Don't be psyched out by tests that find what the media calls "cancer genes." Wiser scientists have explained that such genes may only indicate a tendency among certain groups to get cancer more frequently. Often these higher risk groups are smokers or meat-eaters. A patient may be able to leave those high-risk groups behind simply by changing life-style or diet.

For example such genes might be considered "vegetarian genes." And the patient might get well and stay cancer free by eating their genetic vegetarian diet.



Newer tests require more caution. They may be too new to have an adequate cadre of experienced technicians, so the tests may not be performed consistently. Or there may be differing schools of thought about how to interpret newer tests. Or there may be very limited data to determine the reliability.

IN ALTERNATIVE CLINICS, live blood cell analysis and dark field microscopy seem very promising. But use of the technique is relatively new and some practitioners still disagree about how to interpret the results.

We classify "muscle-testing" under newer tests because it remains unproven. Do not confuse legitimate physical therapy called "Kinesiology" with muscle testing of remedies, which has borrowed the same name. Some think muscle testing worked for them, others scoff that they got as many wrong answers as right.

The basic premise that the body may flinch when confronted with something it recognizes as threatening, or when a suffering organ is pressed, seems to be supported. But the leap of faith that leads to the extension of using muscle testing to predict the efficacy of future remedies the body hasn't tried is the most questionable part.

We have yet to find any double-blind studies where the accuracy was better than pure chance. So be warned.

IN CONVENTIONAL RESEARCH LABS, the new "tetramer" technology combined with recent functional assays such as ELISPOT or intracellur staining (ICS) is providing immune system analysis that is 10 - 20 times more accurate than previously possible. If there are problems with PATIENTS' PROTOCOL STEP 7, ENHANCE IMMUNITY, these new tests may be ready in time to help.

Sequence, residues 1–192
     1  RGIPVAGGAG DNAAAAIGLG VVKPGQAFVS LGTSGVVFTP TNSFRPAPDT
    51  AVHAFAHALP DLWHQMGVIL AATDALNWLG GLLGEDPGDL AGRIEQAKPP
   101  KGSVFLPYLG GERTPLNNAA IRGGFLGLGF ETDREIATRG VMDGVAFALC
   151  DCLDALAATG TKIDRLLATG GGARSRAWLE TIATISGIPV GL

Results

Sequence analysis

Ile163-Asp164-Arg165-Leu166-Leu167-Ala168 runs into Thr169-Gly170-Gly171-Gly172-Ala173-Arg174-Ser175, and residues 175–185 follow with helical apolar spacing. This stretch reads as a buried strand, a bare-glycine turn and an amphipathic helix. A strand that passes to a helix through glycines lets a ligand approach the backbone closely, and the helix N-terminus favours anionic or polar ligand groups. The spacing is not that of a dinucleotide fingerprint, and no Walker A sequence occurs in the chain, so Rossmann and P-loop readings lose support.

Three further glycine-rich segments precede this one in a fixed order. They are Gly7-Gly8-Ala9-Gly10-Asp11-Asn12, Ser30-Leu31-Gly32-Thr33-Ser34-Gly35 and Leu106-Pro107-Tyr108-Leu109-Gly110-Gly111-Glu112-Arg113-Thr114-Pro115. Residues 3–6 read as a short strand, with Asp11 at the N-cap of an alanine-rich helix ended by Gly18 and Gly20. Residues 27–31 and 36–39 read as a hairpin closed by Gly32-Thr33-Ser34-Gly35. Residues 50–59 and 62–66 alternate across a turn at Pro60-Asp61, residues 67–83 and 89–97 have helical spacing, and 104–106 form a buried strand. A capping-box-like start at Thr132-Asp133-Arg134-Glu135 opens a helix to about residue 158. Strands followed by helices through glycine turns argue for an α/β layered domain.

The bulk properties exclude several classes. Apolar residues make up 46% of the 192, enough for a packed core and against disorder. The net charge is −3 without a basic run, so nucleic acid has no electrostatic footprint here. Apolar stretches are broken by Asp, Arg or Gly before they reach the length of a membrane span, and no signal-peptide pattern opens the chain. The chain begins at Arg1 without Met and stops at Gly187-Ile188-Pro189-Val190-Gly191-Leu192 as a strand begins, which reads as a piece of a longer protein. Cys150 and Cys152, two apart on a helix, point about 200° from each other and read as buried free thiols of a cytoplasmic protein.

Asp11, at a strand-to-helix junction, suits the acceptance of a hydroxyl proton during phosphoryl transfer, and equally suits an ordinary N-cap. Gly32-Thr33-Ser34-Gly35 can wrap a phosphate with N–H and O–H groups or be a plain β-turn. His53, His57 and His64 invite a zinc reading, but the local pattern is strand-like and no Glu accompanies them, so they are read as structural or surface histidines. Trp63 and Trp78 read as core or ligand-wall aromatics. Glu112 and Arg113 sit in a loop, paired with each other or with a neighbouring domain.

When considering the reliability of newer tests, there are three key numbers that tell a lot:

  • Number of subjects that have been tested. Prefer thousands over hundreds.
  • Percent of false positives - when the subjects do not have the condition, but the test falsely says they do
  • Percent of false negatives - when the subjects do have the condition, but the test says they do not.

Newer tests can be helpful. Ask for those three numbers to evaluate them. Be cautious about relying on them for major decisions. It's especially desirable to confirm with a seasoned test when considering expensive therapy or invasive procedures.



We don't put too much reliance upon any single test. After 20 years of helping each other through medical minefields, we get the impression that as many as 1 out of 3 tests may be wrong. Beyond false negatives and positives, values can be a little off or they can be dead wrong.

In one case, no one at the hospital thought it would be necessary to re-test the blood type before a standard transfusion. The patient died from a mismatch in a few hours. In another case, the patient's ombudsman advised him to wait an extra day (and to pay double) to have his transfusion double-checked. That caught an error that would have been fatal.

Errors can be introduced all along the chain, by the patient, the technician, the nurse, the doctor, the laboratory, the time of day. Learn about each test. Check the results yourself. Are they consistent with previous results? Are trends in the right direction? If not, what can be done about it? Should this test be confirmed by repeat or by some other method before making a key decision?

On the one hand we have to protect ourselves against the risk of impersonal tests that have no common sense, and could be way off base. On the other hand, it could be much riskier not to measure and test enough. There's little time to waste on therapies that are not working as promised.


End of Part 1, Introduction and Guidelines




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Frequently Used Tests